should be 15 or 20 points ahead?
think he's completely wrong, and is
revealing he is out of date. I think
Labour are in a really good
position. If you look at what they
have achieved in the last year,
going into Christmas 2016, Corbyn
had just managed to avoid, had to
re-fight Labour leadership contest.
They were 20 points behind. Theresa
May was at the top of her game.
Through the general election and
beyond it, they have continued to
build their movement. They are very
effective on social media. I think
they are in a strong position, and
they need about 60 seats to win the
next general election. They will
probably start with 25 of those. The
fact that they are closing the gap
on the economy suggests that a lot
of voters are now giving them a
chance or a hearing, which they
certainly were not getting a year
ago. I think they have done very
Can they be confident with a
slim lead against the government?
am slightly more with Tony Blair
than with Iain. This goes back to
that very general election result. A
huge turnout for Labour for Jeremy
Corbyn. If you asked that same 40%
of people today, do you want Jeremy
Corbyn to be Prime Minister? Where
you really voting for Jeremy Corbyn
to lead the British governmentanswer
is no, because Theresa May still,
despite the fact she is presiding
over a shambolic cabinet, she has
the most support for Prime Minister.
The last general election may have
just been a giant by-election,
because everyone was so short that
Theresa May would get in.
Chancellor Philip Hammond gave
Labour a bit of a gift, when he
said, there were not any unemployed
people in Britain. A slip of the
tongue. Was that damaging?
to look at the context he was saying
it in, which will not be the context
of the Facebook meme you will get
shortly. He was asked about future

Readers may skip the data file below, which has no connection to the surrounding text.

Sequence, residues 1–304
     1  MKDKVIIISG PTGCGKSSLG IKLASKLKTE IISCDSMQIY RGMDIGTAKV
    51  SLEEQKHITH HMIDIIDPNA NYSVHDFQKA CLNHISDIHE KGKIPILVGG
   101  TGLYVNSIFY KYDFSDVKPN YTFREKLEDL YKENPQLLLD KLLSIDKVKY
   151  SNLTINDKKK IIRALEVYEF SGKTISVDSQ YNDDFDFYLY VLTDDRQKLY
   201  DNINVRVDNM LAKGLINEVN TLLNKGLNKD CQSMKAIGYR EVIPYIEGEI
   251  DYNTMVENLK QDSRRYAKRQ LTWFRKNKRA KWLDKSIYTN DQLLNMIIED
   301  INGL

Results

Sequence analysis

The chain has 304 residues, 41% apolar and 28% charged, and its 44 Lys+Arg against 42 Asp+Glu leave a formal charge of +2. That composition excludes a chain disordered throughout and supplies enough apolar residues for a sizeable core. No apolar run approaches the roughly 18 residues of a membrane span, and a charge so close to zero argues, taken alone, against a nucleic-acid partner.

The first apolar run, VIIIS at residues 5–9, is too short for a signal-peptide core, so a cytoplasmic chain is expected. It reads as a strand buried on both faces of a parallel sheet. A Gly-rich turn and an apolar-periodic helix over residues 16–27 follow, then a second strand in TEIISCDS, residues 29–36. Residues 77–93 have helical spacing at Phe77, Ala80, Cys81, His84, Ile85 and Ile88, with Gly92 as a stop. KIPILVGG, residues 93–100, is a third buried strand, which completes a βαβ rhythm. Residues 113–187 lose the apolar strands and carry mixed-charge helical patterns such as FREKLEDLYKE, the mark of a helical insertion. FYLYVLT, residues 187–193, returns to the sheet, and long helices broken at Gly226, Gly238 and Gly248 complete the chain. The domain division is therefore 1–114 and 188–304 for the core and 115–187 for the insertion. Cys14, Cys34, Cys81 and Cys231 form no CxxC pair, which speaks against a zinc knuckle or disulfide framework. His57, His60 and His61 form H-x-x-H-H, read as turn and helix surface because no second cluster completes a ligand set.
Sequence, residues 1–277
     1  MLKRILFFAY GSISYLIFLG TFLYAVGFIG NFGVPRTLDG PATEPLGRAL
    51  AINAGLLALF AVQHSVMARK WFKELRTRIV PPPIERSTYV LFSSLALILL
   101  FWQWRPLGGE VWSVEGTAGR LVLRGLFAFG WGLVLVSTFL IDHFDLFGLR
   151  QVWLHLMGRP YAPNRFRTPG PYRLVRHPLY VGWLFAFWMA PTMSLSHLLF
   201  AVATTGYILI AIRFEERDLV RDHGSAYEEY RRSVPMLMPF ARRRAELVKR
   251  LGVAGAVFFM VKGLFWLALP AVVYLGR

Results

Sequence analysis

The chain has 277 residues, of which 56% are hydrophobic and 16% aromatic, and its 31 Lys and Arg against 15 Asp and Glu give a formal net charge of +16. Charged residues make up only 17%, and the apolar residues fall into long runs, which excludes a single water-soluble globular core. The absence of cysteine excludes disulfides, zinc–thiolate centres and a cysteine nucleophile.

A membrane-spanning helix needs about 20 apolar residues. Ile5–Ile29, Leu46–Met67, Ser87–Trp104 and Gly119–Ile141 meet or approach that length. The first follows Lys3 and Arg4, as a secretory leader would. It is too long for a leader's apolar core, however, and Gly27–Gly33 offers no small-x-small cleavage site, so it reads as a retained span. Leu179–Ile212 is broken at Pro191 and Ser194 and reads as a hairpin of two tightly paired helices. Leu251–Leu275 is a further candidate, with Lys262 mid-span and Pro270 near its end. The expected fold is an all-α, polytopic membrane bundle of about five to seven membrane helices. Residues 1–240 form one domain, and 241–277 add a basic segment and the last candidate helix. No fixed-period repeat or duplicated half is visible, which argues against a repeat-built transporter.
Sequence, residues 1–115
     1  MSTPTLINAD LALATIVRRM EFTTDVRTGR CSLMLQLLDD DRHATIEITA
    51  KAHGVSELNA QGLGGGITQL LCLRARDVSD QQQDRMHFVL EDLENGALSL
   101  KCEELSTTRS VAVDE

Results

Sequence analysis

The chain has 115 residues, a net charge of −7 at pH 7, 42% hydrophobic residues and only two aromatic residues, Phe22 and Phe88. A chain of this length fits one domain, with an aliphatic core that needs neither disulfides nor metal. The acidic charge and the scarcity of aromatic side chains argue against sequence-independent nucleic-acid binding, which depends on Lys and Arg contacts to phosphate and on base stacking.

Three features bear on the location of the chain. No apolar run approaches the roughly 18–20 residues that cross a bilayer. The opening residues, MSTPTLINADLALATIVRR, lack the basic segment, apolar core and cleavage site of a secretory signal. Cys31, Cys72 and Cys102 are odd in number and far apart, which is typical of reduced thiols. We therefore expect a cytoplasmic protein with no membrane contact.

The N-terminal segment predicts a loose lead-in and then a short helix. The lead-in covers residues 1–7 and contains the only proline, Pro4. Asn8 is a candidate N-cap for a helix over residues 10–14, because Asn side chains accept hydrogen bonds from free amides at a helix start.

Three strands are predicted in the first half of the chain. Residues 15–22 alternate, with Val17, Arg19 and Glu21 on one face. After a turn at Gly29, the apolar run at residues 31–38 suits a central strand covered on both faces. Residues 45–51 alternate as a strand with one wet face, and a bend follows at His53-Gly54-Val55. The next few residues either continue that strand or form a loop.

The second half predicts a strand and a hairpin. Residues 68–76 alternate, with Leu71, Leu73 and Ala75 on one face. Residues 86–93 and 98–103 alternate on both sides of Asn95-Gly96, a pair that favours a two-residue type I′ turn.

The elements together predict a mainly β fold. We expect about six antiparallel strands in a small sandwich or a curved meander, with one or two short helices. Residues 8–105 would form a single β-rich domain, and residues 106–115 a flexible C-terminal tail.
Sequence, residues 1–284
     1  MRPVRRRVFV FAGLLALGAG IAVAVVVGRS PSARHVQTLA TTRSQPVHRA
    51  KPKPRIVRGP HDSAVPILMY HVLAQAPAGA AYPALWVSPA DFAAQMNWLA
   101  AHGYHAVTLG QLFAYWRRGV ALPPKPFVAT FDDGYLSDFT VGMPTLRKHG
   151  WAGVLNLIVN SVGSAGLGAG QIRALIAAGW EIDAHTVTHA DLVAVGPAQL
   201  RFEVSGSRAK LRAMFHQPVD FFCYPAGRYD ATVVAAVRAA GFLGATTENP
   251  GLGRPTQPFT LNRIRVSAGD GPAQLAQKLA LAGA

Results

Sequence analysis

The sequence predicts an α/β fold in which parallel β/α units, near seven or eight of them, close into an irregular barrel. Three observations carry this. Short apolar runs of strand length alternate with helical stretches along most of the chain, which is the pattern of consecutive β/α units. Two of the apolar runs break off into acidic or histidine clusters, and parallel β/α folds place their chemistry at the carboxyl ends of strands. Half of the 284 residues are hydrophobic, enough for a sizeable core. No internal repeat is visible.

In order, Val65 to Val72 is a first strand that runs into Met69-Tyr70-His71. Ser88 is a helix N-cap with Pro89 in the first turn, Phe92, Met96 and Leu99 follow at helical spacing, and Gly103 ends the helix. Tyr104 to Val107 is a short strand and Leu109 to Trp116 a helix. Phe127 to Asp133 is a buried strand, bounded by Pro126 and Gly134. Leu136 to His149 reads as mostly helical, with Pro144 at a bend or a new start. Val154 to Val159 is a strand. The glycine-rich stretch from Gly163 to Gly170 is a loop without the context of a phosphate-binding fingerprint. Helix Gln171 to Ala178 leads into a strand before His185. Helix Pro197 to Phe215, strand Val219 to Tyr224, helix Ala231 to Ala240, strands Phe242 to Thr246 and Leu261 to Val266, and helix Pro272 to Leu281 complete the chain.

unemployment, and he was saying that
when technological advances came,
unemployment didn't materialise.
They would not be able to use that
against him so easily if it didn't
have something that people think
about the Conservative government,
which is that they are out of touch,
they have no idea about some people,
that they refuse to see what they
have done. People have that idea
about the Conservatives, so to drop
a bit of a clanger in that regard...
The budget is on Wednesday, and also
this week, the Brexit committee will
be meeting. What will they be
talking about and why does it
What Stephen Hammond said to
you a few moments ago was
fascinating. Tomorrow is going to be
the big meeting. It is the
negotiations committee. Nine or so
ministers have recently been
included in that, like Michael Gove.
They are going to be talking about
the money, precisely how much they
offer in two weeks' time to meet
this deadline in the December
council for phase two. Michael Gove
and Boris Johnson want to add in
conditions. They want to say, we
will give you this as long as we get
that. What was fascinating with
Stephen Hammond just now was that he
revealed that it wasn't just the
Brexiteers in Cabinet who want a
more precise definition of what we
are going for, it is the remainers
In the heart of the
government, David Davis is trying to
keep the bill as low as possible,
possibly around 30%. The divorce
Bill and future liabilities. Some in
the civil service have suggested
that it has to be 40 or above. What
it reveals to me is really, it's
another function of Britain not
really having a proper Prime
Minister. In normal circumstances,
of course the Cabinet is divided. A
strong leader would say, right, this
is what is happening. This is where
we are going. We will call it 35 or
40 billion. We will save to the
European Union, there is the check,
but it will not have a signature on
it until we are satisfied with the
stage. The government is hampered by
the lack of a strong personality who
could do that, make a political play
with other European leaders that
might break the deadlock.
that is why the full Cabinet have
not discussed what the future Brexit
deal will be.
That is the
astonishing thing. There has been no
sort of vision of what Britain is
going to look like after Brexit. We
have got down in what the
negotiation position for tomorrow
will be. What does it look like in
terms of immigration, trade with the
rest of the world, what life will
look like for ordinarily... Ordinary
There are visions for this,
but they will not agree on one. Is
there such a thing as a Tory Cabinet
Minister who could have one single
vision without them all ripping each
other's heads off? Probably not.
That's all for today.
Join me again next Sunday
at 11.00 here on BBC One.
Until then, bye bye.